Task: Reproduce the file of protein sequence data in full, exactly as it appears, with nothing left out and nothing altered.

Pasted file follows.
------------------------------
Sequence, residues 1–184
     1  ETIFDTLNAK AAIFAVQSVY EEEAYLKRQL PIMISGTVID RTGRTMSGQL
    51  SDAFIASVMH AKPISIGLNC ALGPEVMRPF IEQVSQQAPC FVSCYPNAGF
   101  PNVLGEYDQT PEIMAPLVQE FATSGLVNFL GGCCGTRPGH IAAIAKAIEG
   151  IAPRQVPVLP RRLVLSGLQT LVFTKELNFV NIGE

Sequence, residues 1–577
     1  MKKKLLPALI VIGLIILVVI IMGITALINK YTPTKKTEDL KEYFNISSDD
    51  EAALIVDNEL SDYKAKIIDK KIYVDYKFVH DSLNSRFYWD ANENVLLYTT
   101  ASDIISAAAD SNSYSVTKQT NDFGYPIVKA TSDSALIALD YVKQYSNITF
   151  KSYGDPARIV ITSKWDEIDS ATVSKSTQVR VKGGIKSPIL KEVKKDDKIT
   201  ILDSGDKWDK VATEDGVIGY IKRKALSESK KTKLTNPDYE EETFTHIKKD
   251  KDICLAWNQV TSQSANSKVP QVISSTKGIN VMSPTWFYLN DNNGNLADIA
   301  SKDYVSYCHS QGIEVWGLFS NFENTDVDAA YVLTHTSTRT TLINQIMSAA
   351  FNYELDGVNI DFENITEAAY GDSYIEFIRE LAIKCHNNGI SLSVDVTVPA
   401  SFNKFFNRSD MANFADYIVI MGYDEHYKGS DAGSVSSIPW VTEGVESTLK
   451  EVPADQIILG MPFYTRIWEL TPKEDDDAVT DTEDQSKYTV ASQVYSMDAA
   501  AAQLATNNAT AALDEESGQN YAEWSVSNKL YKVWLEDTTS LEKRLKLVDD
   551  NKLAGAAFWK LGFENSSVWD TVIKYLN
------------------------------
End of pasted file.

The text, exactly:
Sequence, residues 1–184
     1  ETIFDTLNAK AAIFAVQSVY EEEAYLKRQL PIMISGTVID RTGRTMSGQL
    51  SDAFIASVMH AKPISIGLNC ALGPEVMRPF IEQVSQQAPC FVSCYPNAGF
   101  PNVLGEYDQT PEIMAPLVQE FATSGLVNFL GGCCGTRPGH IAAIAKAIEG
   151  IAPRQVPVLP RRLVLSGLQT LVFTKELNFV NIGE

Sequence, residues 1–577
     1  MKKKLLPALI VIGLIILVVI IMGITALINK YTPTKKTEDL KEYFNISSDD
    51  EAALIVDNEL SDYKAKIIDK KIYVDYKFVH DSLNSRFYWD ANENVLLYTT
   101  ASDIISAAAD SNSYSVTKQT NDFGYPIVKA TSDSALIALD YVKQYSNITF
   151  KSYGDPARIV ITSKWDEIDS ATVSKSTQVR VKGGIKSPIL KEVKKDDKIT
   201  ILDSGDKWDK VATEDGVIGY IKRKALSESK KTKLTNPDYE EETFTHIKKD
   251  KDICLAWNQV TSQSANSKVP QVISSTKGIN VMSPTWFYLN DNNGNLADIA
   301  SKDYVSYCHS QGIEVWGLFS NFENTDVDAA YVLTHTSTRT TLINQIMSAA
   351  FNYELDGVNI DFENITEAAY GDSYIEFIRE LAIKCHNNGI SLSVDVTVPA
   401  SFNKFFNRSD MANFADYIVI MGYDEHYKGS DAGSVSSIPW VTEGVESTLK
   451  EVPADQIILG MPFYTRIWEL TPKEDDDAVT DTEDQSKYTV ASQVYSMDAA
   501  AAQLATNNAT AALDEESGQN YAEWSVSNKL YKVWLEDTTS LEKRLKLVDD
   551  NKLAGAAFWK LGFENSSVWD TVIKYLN